Evolution refers to change over time in the genetic composition of natural populations. Natural selection plays a vital role in adding adaptation, accumulation and preservation to the new desired genetic states. The accumulation of small but observable micro evolutionary changes necessary for the development of new species occurs over a long period of time (Haviland, Walrath, Prins, & McBride, 2010). Four forces that affect the course of evolution and variation are selection, migration, mutation, and population size. These four forces of evolution and variation determine the structure and the extent of the genetic variation within the population (Evans, 2001). The interaction of all four factors is a highly complex one in terms of integrating the system and changes in genes.
For selection to have any considerable effect on speciation and the structure of organisms there must be a difference in genotypes. Normally, a genotype refers to an ensemble of alleles in the gene loci that distinguishes it from other genotypes. Such differences in alleles may affect survival and reproduction capabilities, which results in the longer or shorter lifespan of specific genotype (Mayr, 1970). However, differences in genotypes have adverse effects on the overall traits of organisms. If a trait is advantageous, there are better chances for survival and growth of next generations. On the other hand, if a trait is disadvantageous then it will be eliminated sooner or later as it will appear in fewer genotype representatives over time. Selection has a positive effect on the evolutionary potential of populations and species in small increments generation after generation (Goldsmith, 1994). These changes in the traits of the organisms do not reach optimal condition at any time. If alleles have partial dominance in the genotype, the tendency for its replacement might appear and, consequently endanger the trait in the genotype and vice versa (Evans, 2001). For example, if alleles determine adaptation trait in a population dominate, then the whole population will have the trait more often. However, selection of dominating alleles provides that only some traits can develop in future generations while some other traits become endangered.
Mutation provides for a random change in the structure of genes and organisms function in the entire genome. Mutations favor the organism’s survival or can lead to their elimination. Although not all mutations are beneficial to the organisms, nature has its way of maintaining the balance between the new mutants and their rate of elimination (Evans, 2001). Most mutations occur at extremely low rates and, therefore, would not be expected to affect the adaptability of the population except when it occurs in small, isolated populations. Independent mutations, selection and hybridization can generate high genetic variance among populations (Wool, 2006). These genetic variances are the main causes of the differences in physical traits among populations. The new traits then enable the new organisms to adapt in the new environments.
Migration affects the survival of traits and development of the new ones. The exchange of the genetic traits between immigrants can affect the development of well adapted organisms among the general population. On the other hand, migration can lead to separation and, hence, the development of the new adaptation features accelerates. If sufficient time passes between two separated species, then considerable evolutionary changes may occur. In some cases, they may then prove incapability of interbreeding even after their separating barriers vanish. These isolating mechanisms cannot lead to speciation alone but must involve other factors as well (Wool, 2006).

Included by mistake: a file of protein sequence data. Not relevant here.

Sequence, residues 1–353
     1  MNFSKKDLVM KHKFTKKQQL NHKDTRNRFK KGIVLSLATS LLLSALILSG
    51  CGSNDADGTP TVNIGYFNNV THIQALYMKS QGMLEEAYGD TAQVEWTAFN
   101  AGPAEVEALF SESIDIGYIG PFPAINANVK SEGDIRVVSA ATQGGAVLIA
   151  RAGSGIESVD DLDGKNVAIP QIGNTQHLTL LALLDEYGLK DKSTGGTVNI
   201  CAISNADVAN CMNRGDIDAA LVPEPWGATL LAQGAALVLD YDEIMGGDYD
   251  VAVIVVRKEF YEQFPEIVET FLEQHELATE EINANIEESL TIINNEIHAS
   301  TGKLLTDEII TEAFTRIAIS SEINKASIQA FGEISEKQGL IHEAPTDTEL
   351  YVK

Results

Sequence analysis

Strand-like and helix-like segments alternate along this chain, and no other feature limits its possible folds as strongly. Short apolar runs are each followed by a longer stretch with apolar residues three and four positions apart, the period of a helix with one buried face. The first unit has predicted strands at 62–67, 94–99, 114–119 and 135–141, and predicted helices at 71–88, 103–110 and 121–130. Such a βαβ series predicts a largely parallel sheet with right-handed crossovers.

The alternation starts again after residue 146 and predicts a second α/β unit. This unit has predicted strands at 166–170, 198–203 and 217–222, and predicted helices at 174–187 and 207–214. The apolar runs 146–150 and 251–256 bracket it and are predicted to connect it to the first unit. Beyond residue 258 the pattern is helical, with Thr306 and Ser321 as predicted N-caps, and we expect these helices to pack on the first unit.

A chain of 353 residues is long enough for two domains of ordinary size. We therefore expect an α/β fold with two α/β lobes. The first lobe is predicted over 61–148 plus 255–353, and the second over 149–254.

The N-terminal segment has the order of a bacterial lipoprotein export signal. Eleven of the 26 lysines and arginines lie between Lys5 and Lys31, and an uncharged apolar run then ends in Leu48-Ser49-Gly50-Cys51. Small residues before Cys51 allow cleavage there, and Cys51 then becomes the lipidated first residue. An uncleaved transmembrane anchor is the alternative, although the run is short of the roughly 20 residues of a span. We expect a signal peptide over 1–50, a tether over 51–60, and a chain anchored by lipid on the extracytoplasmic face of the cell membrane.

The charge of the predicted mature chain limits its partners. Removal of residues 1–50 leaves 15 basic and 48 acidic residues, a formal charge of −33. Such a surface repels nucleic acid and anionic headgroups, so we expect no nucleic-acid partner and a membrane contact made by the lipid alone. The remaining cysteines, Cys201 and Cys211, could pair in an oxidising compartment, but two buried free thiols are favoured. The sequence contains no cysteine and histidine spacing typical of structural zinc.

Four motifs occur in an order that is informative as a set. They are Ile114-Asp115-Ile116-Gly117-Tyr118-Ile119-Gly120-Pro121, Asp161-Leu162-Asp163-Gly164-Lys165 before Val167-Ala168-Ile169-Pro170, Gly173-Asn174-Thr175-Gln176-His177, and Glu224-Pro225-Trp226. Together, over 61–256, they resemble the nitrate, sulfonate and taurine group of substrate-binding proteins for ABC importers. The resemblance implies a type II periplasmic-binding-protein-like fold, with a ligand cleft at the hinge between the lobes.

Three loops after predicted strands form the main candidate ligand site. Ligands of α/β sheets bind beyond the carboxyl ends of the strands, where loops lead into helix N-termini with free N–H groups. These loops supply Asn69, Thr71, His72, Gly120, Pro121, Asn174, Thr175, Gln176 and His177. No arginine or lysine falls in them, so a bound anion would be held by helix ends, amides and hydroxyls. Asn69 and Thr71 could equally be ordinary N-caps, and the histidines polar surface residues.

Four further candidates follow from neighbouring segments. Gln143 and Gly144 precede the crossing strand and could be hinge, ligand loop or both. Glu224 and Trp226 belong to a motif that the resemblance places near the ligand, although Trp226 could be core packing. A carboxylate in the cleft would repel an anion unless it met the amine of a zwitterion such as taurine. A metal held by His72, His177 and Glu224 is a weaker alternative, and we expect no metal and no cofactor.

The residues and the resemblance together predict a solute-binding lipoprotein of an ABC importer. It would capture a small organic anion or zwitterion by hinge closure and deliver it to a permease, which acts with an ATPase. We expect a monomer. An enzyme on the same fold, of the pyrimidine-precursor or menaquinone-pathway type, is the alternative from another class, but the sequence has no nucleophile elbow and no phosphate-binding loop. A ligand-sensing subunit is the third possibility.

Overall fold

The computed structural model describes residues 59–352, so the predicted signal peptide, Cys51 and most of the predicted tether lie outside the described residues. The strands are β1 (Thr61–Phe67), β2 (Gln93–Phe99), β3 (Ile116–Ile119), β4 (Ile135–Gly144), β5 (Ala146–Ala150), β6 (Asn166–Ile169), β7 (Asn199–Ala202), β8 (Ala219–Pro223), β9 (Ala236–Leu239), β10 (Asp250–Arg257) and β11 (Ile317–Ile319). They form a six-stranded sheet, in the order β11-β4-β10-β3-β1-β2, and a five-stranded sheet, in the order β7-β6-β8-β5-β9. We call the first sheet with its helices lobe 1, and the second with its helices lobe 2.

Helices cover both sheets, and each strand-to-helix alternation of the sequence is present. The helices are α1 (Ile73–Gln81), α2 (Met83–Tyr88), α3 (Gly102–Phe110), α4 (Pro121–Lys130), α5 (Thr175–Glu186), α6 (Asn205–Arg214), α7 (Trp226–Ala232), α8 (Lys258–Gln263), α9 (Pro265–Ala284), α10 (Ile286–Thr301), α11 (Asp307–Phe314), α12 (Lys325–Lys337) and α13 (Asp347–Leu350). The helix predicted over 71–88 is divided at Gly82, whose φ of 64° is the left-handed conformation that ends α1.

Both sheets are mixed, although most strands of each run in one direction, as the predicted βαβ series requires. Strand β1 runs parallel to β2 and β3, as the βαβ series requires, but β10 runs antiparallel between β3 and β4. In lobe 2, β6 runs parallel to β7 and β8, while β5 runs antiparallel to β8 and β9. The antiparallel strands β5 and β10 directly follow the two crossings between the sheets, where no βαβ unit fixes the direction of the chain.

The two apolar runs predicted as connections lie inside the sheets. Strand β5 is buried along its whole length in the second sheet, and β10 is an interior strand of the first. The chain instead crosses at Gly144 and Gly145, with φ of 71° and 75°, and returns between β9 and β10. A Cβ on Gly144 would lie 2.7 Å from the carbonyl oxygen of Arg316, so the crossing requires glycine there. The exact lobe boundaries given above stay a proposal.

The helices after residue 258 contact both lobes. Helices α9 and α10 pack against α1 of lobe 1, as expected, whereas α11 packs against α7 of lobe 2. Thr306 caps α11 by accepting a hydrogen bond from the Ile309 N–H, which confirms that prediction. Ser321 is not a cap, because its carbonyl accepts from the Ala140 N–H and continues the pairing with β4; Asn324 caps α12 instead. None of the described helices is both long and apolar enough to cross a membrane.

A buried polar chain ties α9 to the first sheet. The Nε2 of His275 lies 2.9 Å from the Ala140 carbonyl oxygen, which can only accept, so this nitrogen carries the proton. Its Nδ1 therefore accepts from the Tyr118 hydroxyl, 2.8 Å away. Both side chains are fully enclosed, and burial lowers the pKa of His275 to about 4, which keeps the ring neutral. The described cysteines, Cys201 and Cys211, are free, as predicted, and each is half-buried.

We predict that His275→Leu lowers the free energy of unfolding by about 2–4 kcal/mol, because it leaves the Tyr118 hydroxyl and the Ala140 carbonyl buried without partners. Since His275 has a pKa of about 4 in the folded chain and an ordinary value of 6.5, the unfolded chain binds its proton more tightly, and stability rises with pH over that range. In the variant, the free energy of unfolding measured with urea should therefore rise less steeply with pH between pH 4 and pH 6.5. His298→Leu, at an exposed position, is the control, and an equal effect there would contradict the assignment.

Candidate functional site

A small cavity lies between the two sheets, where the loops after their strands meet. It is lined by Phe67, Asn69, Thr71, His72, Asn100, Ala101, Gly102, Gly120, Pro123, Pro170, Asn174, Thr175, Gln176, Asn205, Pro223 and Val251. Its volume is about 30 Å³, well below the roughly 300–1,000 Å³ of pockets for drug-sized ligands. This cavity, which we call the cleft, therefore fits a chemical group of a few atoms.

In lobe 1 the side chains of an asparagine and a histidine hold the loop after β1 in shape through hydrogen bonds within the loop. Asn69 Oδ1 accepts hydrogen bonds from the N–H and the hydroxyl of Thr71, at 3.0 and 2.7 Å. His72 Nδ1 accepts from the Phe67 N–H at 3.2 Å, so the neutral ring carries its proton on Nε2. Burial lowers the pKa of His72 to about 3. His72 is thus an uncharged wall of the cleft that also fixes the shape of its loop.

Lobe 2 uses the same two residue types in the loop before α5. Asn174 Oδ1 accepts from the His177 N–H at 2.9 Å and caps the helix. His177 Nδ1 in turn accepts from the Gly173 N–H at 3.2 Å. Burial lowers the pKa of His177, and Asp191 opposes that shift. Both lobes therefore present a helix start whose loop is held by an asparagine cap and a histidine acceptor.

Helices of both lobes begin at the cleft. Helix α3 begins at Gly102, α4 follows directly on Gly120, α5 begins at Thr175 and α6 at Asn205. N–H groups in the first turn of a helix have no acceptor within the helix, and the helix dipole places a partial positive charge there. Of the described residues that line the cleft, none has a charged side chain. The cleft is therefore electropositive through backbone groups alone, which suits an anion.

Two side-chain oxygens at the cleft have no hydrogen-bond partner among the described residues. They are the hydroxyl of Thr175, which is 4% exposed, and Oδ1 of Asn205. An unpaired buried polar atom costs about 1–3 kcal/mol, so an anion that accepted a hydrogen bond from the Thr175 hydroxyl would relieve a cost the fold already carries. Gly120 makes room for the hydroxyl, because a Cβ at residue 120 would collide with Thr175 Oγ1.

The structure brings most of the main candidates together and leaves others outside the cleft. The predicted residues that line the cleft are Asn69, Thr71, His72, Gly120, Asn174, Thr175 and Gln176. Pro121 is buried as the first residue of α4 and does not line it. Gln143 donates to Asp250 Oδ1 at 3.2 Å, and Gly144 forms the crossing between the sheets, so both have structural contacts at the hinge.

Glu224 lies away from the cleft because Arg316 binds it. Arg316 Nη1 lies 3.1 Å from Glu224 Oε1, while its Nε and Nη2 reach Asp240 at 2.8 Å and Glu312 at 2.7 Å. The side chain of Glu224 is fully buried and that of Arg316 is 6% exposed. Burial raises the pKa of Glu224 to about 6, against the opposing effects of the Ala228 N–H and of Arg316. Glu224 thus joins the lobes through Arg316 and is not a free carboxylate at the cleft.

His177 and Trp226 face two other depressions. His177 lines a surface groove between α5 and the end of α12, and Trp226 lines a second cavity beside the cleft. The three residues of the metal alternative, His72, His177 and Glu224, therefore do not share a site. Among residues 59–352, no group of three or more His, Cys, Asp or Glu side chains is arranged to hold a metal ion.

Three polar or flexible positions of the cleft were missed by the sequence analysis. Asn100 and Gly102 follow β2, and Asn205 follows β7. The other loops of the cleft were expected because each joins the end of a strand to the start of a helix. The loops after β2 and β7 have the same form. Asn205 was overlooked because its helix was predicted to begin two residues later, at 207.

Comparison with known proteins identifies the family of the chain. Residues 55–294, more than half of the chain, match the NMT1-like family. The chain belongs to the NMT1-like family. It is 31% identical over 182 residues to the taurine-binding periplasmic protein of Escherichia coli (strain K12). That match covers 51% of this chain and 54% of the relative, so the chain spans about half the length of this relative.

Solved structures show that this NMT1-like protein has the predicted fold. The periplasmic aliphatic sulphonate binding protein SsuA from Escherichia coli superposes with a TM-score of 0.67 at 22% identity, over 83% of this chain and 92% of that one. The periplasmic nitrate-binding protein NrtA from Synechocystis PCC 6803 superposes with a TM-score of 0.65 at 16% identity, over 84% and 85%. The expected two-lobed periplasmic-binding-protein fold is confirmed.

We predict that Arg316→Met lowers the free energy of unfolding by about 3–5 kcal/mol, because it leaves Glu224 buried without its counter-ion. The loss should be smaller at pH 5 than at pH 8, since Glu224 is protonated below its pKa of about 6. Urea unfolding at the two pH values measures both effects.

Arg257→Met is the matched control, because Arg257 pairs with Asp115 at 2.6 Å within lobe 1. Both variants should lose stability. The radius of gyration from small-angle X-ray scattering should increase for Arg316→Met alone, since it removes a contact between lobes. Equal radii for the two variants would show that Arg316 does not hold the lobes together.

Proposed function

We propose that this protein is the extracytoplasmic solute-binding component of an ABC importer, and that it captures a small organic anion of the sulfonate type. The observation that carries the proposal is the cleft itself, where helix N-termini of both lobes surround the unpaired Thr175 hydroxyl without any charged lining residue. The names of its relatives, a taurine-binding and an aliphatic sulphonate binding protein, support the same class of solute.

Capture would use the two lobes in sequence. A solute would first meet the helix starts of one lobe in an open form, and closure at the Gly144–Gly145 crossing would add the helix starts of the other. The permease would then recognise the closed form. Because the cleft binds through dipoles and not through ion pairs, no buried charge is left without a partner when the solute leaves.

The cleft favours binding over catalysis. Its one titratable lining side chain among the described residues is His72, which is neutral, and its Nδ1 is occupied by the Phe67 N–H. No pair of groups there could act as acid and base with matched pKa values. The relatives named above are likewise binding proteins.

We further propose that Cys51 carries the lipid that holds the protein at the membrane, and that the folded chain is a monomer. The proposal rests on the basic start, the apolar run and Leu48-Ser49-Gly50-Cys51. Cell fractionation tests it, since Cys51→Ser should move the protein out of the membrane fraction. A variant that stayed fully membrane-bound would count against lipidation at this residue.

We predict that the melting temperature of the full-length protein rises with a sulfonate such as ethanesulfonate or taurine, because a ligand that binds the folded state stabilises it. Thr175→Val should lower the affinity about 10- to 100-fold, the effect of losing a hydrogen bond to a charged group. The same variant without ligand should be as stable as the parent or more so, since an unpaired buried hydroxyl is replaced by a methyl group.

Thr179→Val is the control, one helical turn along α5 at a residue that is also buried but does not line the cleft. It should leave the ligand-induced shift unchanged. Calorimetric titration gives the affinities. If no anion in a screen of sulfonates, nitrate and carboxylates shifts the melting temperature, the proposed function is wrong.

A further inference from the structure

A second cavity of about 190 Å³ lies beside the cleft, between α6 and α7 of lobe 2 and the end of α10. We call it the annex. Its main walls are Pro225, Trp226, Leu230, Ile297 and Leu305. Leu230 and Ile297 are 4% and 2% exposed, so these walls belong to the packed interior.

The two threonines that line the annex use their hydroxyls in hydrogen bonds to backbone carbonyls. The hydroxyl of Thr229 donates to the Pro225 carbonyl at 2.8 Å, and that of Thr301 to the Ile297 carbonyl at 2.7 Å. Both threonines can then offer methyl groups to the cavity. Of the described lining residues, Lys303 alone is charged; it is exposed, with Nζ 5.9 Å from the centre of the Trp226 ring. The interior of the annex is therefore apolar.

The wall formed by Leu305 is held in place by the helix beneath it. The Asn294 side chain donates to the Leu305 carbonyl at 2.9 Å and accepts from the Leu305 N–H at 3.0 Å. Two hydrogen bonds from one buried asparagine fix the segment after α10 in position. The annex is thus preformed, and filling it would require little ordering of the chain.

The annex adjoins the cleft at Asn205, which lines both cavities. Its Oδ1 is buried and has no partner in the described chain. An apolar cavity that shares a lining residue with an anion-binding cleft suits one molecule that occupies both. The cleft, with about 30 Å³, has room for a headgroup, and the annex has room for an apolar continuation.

The population size affects the future composition of the population. The chances of retaining the genetic traits are higher when the population is large (Wool, 2006). Population size has strong effect when it comes to competition for food. Adaptability and development of new traits within the population is affected by population’s ability to reproduce, grow and compete with the existing populations and other species (Wool, 2006).
Isolating mechanisms refer to various devices or mechanisms that prevent the interbreeding between species (Haviland, Walrath, Prins, & McBride, 2010). For the evolution to take place, isolating mechanisms in and among the general population must exist. Isolation mechanisms can be reproductive or geographic in nature. They can be further divided into pre-mating mechanisms and post mating mechanisms (Mayr, 1970). In pre-mating isolation, the potential mates may not meet either due to seasonal changes, or due to changes in habitat (Ereshefsky, 1992). Although mates may meet, they may not mate (ethological isolation), but if mating is attempted, the transfer of the sperm may not take place (due to mechanical changes). On the other hand, for post mating, sperm transfer may take place but fertilization may not occur (game tic mortality). The egg might be fertilized but the zygote dies (zygotic mortality) (Mayr, 1970). The zygote produced may be of low viability (hybrid viability) or even if the zygote is viable, it can be partially or entirely senile, which results in gradual isolation of the population (hybrid sterility) (Ereshefsky, 1992). These isolating factors play a pivotal role in the development of the new species as well as in the improvement and continuation of the existing ones.